Retailers Tune In To YouTube Videos

SALISBURY, N.C. Shoppers who want to learn more about new kiosks near the front entrance of Food Lion stores can get in-depth answers by visiting the Food Lion YouTube channel. That's because Food Lion uploaded a local news broadcast about the MVP Savings Center stations. The clip explains that shoppers who scan their MVP loyalty card before their shopping trip will receive personalized coupons. [YouTube]

SALISBURY, N.C. — Shoppers who want to learn more about new kiosks near the front entrance of Food Lion stores can get in-depth answers by visiting the Food Lion YouTube channel.

That's because Food Lion uploaded a local news broadcast about the “MVP Savings Center” stations. The clip explains that shoppers who scan their MVP loyalty card before their shopping trip will receive personalized coupons.

“[YouTube] was a great way to demo this new technology,” said Steven Saunders, interactive marketing manager of Food Lion, Bloom and Bottom Dollar Food.

Now that Facebook and Twitter are commonplace, more food retailers are exploring YouTube to promote their programs and services. Along with Food Lion, Kroger Co. [4], Wegmans Food Markets [5], Harris Teete [6]r, Lowes Food Stores and H.E. Butt Grocery Co. [7] are among the chains involved.

The MVP Savings Center clip is one of several videos Food Lion has posted since establishing its official YouTube Channel, www.youtube.com/foodlion [8], in June 2009. Subscribers to the channel have Food Lion's YouTube videos displayed on their personal YouTube account page as videos are added.

Food Lion uses YouTube because it is the most widely used video-sharing site and is the third most visited website on the Internet, behind Google and Facebook, said Saunders.

Through YouTube's comments and ratings system, Food Lion can connect with its customers though relevant content and two-way participation, said Saunders. Also, the viral nature of YouTube means videos can be viewed by a large number of people in a short amount of time. That's why Food Lion enables embedding of its videos and encourages viewers to rate and share them.

“We are able to build brand awareness, promote brand networking and drive overall impressions,” Saunders told SN.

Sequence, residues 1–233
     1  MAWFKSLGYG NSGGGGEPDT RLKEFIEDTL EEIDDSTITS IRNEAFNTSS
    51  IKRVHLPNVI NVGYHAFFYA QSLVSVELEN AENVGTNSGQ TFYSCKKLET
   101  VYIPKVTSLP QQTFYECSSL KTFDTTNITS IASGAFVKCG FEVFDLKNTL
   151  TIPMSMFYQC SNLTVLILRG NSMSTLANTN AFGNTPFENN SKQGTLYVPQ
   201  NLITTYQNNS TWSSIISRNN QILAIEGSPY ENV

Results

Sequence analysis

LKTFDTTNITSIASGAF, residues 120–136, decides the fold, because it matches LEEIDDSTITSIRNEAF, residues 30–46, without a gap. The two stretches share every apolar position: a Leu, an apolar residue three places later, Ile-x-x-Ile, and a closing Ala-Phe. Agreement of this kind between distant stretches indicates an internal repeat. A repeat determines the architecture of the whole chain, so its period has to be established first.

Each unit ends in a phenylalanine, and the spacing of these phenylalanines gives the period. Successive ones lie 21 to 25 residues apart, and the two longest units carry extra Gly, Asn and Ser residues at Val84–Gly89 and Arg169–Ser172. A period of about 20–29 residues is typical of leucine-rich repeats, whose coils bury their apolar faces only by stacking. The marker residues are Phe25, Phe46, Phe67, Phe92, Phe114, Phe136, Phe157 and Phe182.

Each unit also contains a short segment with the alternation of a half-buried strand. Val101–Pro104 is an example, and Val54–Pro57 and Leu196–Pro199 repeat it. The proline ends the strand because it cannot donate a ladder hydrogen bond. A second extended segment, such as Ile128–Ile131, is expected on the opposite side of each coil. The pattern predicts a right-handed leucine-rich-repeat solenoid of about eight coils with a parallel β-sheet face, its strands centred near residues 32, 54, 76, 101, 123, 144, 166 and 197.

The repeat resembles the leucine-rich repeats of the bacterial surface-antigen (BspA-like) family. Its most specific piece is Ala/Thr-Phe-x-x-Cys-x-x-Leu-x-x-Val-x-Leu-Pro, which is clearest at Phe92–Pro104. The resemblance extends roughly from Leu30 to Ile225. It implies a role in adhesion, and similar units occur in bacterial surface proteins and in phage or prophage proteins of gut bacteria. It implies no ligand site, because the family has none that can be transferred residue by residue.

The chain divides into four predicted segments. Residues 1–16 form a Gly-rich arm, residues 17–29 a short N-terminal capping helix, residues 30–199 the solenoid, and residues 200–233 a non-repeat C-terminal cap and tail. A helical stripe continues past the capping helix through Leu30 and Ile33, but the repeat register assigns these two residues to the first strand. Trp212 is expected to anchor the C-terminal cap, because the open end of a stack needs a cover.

Retailers are using YouTube in different ways.

H-E-B [7], San Antonio, leveraged it recently to feature the full-length version of its 2011 Super Bowl commercial.

In the commercial, Texas musician Jack Ingram performs the song, “Can't Spell Texas without H-E-B.” The commercial shows scenic images, as well as a Texas barbecue where guests enjoy a variety of H-E-B-brand food and beverages.

At Lowes Foods, Winston-Salem, N.C., many YouTube videos feature Terri Bennett, an eco-friendly personality it partnered with last year for a green-living initiative. For Valentine's Day, Bennett was shown discussing green Valentine's Day gifts, such as potted plants grown within 100 miles of the store.

Another retailer active on YouTube is Harris Teeter, which posts recipes, shopping tips and other information. One of its newest videos stars Beth Avery, its corporate nutritionist, explaining the good and bad kinds of fat.

Meanwhile, recipes are the primary focus of Wegmans' YouTube channel. One new video shows Wegmans executive chef Mark Makoveck in a Wegmans store shopping for ingredients to make Pan Seared Chicken with Peach & Chive Pan Gravy.

Wegmans corporate nutritionist Jennifer Felice is shown in another video talking about healthy food that has a bad rep.

Wegmans promoted its YouTube channel via a QR code printed in the winter edition of its Menu Magazine.

A growing number of retailers allow customers to upload their own videos. Kroger Co. is currently doing so as part of its “Cartbuster” savings event, a promotion featuring major discounts on select brand names. It asked shoppers to shoot a video that shares their latest Cartbuster bargains.

“Be sure to include what you bought, how much you saved, and your favorite Deal of the Day,” Kroger states in promotional materials.

In response, one shopper uploaded a video of herself shopping in a Kroger store for “Cartbuster” deals, including a 12-pack, double-roll of Charmin bath tissue for $5.99.

The final price was just $2.99 because she uploaded a $3 Charmin e-coupon from the Kroger website to her store card.